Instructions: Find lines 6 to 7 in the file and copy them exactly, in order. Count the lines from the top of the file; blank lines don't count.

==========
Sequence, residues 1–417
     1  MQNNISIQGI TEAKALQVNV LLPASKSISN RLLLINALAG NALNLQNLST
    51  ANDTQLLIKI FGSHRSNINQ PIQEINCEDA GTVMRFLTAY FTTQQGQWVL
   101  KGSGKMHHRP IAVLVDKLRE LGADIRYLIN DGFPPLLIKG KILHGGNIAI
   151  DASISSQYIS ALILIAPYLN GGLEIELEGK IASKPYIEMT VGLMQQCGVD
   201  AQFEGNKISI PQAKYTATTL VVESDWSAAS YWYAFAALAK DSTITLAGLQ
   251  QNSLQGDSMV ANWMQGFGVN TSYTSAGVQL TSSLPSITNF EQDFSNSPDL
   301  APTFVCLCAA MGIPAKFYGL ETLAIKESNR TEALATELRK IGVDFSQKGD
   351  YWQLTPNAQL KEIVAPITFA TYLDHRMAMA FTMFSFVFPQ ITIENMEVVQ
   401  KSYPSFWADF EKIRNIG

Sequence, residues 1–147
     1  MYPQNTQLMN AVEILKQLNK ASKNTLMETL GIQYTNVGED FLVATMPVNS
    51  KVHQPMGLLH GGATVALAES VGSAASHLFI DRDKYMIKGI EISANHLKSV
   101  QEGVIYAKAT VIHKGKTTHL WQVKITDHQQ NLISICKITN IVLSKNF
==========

   201  AQFEGNKISI PQAKYTATTL VVESDWSAAS YWYAFAALAK DSTITLAGLQ
   251  QNSLQGDSMV ANWMQGFGVN TSYTSAGVQL TSSLPSITNF EQDFSNSPDL